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UK govt preps World War 2 energy rationing to keep the lights on

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The UK government will today set out Second World War-style measures to keep the lights on and avert power cuts as a "last resort". The price to Britons will be high.

Factories will be asked to "voluntarily" shut down to save energy at peak times for homes, while others will be paid to provide their own backup power should they have a spare generator or two lying around. And as part of the government's wider energy market reforms, electricity producers will be able to name their price for bringing mothballed fossil-fuel-powered plants back on line.

The problem is that the energy plants were closed due to compliance with EU environmental regulations, but the UK has failed to build adequate replacements. This means the country can barely cope with peak winter demand. Successive governments have chosen to build expensive, unreliable renewables instead – which can't meet the nation's peak energy needs.

In an interview ahead of a speech today, energy minister Ed Davey – a Liberal Democrat and Oxford philosophy, politics and economics graduate – said businesses would be "delighted" to be paid to go dark – and said the measures were good value compared to building new power stations.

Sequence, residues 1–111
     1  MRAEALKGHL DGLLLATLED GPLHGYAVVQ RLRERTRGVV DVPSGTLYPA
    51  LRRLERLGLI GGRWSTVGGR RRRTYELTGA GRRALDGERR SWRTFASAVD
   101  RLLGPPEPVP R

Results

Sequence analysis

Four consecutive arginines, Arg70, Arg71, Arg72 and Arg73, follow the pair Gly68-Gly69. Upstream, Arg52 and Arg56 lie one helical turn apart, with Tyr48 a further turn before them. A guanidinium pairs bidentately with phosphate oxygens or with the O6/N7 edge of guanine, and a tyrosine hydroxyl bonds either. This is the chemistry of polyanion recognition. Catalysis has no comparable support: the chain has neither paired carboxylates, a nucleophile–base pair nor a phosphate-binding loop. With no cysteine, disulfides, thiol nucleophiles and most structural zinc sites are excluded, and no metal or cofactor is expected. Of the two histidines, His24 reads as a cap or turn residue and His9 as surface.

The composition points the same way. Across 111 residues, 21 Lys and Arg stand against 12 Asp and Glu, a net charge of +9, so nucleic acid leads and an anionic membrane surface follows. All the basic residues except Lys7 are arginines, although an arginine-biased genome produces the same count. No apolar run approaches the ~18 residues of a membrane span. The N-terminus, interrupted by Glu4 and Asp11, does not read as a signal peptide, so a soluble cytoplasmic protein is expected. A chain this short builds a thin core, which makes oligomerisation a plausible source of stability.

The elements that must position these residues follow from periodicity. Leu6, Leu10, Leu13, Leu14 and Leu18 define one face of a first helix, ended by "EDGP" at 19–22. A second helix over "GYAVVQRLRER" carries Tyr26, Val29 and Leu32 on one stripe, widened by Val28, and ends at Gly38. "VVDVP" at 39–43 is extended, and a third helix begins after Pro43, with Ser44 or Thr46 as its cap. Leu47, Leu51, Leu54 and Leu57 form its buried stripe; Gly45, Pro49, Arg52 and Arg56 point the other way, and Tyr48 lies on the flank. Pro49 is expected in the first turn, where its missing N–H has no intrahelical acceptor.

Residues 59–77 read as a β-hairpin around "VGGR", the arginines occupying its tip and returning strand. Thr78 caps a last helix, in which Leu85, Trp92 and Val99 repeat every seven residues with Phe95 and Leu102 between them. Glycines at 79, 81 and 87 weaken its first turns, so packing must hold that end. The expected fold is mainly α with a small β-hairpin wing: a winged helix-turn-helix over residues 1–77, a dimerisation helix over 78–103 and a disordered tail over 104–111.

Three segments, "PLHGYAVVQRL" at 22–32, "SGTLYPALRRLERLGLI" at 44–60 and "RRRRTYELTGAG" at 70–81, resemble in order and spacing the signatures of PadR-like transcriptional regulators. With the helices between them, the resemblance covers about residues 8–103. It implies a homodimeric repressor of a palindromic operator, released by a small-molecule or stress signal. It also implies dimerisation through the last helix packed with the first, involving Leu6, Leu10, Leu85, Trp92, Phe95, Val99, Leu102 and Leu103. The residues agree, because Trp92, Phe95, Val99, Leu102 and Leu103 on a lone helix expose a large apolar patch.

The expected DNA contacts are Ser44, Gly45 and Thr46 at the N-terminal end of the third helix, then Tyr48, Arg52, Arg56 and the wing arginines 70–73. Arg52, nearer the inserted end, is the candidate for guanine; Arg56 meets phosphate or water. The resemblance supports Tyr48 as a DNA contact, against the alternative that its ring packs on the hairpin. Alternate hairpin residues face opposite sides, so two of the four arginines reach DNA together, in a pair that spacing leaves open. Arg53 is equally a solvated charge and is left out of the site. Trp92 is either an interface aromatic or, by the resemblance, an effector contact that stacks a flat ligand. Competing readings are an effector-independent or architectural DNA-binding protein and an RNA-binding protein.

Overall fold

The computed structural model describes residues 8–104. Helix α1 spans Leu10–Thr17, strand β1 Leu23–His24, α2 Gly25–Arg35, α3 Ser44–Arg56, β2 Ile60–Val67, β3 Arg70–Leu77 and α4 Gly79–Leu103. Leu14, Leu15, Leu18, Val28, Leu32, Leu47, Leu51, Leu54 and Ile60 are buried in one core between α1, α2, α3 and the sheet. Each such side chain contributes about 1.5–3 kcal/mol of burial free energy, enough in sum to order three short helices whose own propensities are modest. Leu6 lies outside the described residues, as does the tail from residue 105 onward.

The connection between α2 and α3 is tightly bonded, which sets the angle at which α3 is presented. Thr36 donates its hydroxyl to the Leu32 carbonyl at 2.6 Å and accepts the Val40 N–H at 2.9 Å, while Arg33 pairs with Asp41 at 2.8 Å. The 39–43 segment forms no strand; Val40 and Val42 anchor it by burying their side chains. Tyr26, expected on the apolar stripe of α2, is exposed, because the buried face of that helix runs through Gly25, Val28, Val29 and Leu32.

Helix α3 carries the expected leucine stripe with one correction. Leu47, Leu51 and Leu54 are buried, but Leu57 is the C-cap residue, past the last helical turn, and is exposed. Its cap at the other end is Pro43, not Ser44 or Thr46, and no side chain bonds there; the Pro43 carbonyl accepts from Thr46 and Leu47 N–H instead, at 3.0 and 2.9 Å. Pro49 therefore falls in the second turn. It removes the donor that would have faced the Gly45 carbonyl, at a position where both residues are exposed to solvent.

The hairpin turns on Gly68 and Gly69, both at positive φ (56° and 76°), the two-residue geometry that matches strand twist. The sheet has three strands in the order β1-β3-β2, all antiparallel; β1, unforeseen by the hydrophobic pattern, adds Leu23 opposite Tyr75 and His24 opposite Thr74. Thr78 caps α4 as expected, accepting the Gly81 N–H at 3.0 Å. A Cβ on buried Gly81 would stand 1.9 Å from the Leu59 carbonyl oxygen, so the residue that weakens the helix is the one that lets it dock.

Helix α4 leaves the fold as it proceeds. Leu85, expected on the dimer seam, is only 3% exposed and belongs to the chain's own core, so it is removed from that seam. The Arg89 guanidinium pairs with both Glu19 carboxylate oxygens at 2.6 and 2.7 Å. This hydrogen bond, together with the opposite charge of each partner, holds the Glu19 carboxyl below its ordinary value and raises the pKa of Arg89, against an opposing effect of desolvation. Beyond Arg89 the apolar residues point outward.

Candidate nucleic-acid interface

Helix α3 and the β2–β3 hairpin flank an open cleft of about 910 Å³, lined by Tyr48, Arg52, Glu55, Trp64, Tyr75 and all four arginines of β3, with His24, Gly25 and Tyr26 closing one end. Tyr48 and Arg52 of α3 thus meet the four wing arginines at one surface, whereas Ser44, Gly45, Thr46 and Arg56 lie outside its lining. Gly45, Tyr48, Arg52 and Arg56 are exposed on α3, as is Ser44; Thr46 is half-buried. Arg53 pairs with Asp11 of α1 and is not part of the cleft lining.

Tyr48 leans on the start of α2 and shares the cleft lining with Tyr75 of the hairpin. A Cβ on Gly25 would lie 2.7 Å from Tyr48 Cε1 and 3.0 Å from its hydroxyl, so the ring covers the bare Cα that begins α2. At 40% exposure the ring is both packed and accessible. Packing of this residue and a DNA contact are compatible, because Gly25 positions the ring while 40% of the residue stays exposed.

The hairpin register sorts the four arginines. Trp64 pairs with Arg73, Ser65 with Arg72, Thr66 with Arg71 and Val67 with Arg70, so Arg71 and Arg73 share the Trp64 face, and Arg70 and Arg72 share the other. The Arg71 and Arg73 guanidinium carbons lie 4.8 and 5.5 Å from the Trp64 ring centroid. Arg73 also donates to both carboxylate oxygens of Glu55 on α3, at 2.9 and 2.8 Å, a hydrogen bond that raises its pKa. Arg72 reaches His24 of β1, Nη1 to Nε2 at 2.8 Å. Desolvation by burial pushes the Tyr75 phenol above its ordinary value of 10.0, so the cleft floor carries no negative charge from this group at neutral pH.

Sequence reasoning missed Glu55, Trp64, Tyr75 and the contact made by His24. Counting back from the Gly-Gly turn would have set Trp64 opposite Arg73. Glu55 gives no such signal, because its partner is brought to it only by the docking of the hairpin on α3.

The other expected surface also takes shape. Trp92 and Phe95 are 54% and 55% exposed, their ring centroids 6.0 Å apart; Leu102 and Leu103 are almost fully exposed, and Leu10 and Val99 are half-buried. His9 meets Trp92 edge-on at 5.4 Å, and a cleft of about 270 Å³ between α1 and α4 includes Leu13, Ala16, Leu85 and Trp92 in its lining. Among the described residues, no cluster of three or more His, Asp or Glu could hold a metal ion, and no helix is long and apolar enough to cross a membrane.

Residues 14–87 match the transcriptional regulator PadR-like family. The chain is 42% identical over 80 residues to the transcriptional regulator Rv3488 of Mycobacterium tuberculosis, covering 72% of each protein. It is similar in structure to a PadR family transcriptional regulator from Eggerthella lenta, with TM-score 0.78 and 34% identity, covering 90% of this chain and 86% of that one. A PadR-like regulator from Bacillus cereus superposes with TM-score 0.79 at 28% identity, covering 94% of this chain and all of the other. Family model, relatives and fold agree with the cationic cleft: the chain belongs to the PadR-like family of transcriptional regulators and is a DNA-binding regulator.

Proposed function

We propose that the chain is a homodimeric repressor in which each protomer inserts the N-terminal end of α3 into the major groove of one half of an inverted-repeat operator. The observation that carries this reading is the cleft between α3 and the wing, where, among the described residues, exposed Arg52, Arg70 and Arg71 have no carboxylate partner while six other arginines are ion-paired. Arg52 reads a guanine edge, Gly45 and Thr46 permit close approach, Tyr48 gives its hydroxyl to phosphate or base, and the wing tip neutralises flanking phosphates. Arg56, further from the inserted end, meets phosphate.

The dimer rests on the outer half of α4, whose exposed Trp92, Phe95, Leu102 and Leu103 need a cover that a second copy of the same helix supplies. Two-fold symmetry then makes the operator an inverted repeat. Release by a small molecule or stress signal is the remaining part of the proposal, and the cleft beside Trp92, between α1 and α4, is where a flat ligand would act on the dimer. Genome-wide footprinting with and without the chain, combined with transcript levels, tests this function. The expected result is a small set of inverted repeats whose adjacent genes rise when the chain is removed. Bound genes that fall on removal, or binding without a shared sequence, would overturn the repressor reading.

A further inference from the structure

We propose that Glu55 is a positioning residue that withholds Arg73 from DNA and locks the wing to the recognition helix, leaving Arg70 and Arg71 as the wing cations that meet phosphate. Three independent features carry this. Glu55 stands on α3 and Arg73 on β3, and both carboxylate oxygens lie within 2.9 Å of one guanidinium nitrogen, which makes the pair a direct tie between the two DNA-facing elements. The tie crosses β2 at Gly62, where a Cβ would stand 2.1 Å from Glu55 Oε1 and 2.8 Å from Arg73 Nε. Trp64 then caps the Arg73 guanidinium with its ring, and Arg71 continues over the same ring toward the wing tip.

Davey predicted the UK would not suffer power cuts, and he may be right. But the price to consumers will be high: with the UK paying far over the market rate for new fossil-fuel energy.

Gas plants have closed because they're not economical to run when ticking along; when demand is under 57 per cent, the operator may as well close it. The government's complex measures include a new "Capacity Market", which encourages mothballed gas and coal plants to be pressed into action.

Energy market experts predict that because the UK's need is so urgent, the producers will be able to demand a high price: "existing gas and coal plant (particularly older assets close to retirement) may have significant leverage in negotiating reserve contracts with Grid as the system capacity margin tightens," consultants at Timera Energy noted this year.

Dirty diesel already contributes one quarter, or around 500MW, of the National Grid's Short Term Operating Reserve (STOR). The cost to the taxpayer of maintaining and using diesel backup – fleets of generators parked in shipping containers – is astronomical around 12 times the market rate. The National Grid wants to expand STOR from 2GW to about 8GW.

If Blighty's governments had opted for gas rather than wind, they could have met the EU carbon-dioxide emissions targets for one-tenth of the £120bn cost to install wind farms, calculated Professor Gordon Hughes in a 2012 study.

The UK government's Department of Energy and Climate Change promised us a copy of Davey's speech, or excerpts of it, but much like the power stations, it hasn't shown up. He's due to speak at 1.40pm, UK time, today.

The capacity crunch has been predicted for about seven years, with voices such as Professor Ian Fells warning UK energy policy would lead to either power cuts or extremely high peak prices. Everyone seems to have seen this coming – except the people in charge. ®

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